Pre-Christian basilica with a regular layout, the central nave paved with a magnificent mosaic which can still be seen. It dates from the 6th century A.D., when the Byzantine army of Justinian (the Eastern Roman Emperor who aspired to rebuild the Western Roman Empire) had conquered the Balearic Islands.
It faces from east to west, and on the northern side retains a small hemispherical baptismal font built in stone and mortar, with a waterproof lining.
There are three separate sections: The rectangular apse with the base of an altar, surrounded by bunches of grapes, the central motif being a classical wine bowl and two peacocks. The grapes represent life, while the peacocks facing one another represent the resurrection. Between the nave and the head, two lions face a palm tree. They have been interpreted as a reference to Jewish tradition, which was particularly important at that time in Maó. The lions represent the power of death, while the palm is the tree of life. The nave for the congregation reveals geometric figures and depictions of birds, in a clearreference to Paradise.References:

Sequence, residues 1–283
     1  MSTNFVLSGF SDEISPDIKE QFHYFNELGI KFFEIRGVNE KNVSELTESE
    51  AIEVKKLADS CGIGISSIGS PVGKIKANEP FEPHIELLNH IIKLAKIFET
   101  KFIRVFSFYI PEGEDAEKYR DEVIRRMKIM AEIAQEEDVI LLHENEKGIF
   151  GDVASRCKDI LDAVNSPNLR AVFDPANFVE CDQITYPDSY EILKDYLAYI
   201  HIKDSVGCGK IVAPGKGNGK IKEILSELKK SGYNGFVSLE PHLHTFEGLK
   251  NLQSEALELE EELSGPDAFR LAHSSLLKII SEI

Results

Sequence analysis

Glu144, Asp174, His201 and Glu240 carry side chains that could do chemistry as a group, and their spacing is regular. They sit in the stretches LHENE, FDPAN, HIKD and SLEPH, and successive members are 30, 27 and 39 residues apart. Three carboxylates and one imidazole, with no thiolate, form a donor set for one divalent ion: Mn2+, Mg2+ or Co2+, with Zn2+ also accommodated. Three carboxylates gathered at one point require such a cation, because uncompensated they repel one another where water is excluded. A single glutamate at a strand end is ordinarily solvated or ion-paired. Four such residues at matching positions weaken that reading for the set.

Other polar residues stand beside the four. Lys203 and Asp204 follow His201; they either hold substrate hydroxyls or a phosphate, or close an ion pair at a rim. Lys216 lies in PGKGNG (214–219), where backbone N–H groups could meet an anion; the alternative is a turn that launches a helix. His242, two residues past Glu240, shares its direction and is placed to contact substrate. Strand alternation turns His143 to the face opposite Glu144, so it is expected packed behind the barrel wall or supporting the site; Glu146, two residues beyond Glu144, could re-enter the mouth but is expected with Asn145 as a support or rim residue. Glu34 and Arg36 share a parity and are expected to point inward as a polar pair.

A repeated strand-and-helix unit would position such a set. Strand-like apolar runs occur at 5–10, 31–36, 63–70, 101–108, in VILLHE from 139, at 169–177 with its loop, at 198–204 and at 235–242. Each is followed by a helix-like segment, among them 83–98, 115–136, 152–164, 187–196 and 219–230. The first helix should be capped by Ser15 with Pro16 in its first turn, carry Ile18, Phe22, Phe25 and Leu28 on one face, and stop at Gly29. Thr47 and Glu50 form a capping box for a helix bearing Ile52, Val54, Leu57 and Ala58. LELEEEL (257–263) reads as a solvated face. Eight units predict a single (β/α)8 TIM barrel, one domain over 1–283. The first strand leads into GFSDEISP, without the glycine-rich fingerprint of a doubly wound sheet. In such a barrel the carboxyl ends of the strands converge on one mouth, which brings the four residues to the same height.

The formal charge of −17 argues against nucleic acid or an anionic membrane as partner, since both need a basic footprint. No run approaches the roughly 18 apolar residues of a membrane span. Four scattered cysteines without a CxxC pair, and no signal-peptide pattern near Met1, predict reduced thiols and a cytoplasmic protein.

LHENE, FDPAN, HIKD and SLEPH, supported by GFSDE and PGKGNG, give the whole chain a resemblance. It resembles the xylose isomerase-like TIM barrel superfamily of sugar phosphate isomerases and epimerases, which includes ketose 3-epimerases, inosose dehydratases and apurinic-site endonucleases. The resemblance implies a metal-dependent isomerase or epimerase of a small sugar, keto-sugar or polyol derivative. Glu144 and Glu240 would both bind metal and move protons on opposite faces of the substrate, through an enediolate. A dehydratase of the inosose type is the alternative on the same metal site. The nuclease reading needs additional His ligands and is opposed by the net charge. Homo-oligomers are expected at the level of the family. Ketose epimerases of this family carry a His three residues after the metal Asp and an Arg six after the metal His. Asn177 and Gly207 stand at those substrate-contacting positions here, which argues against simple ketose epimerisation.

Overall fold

The Castle of Gruyères is one of the most famous in Switzerland. It was built between 1270 and 1282, following the typical square plan of the fortifications in Savoy. It was the property of the Counts of Gruyères until the bankruptcy of the Count Michel in 1554. His creditors the cantons of Fribourg and Bern shared his earldom. From 1555 to 1798 the castle became residence to the bailiffs and then to the prefects sent by Fribourg.
In 1849 the castle was sold to the Bovy and Balland families, who used the castle as their summer residency and restored it. The castle was then bought back by the canton of Fribourg in 1938, made into a museum and opened to the public. Since 1993, a foundation ensures the conservation as well as the highlighting of the building and the art collection.
The castle is the home of three capes of the Order of the Golden Fleece. They were part of the war booty captured by the Swiss Confederates (which included troops from Gruyères) at the Battle of Morat against Charles the Bold, Duke of Burgundy in 1476. As Charles the Bold was celebrating the anniversary of his father's death, one of the capes is a black velvet sacerdotal vestment with Philip the Good's emblem sewn into it.
A collection of landscapes by 19th century artists Jean-Baptiste-Camille Corot, Barthélemy Menn and others are on display in the castle.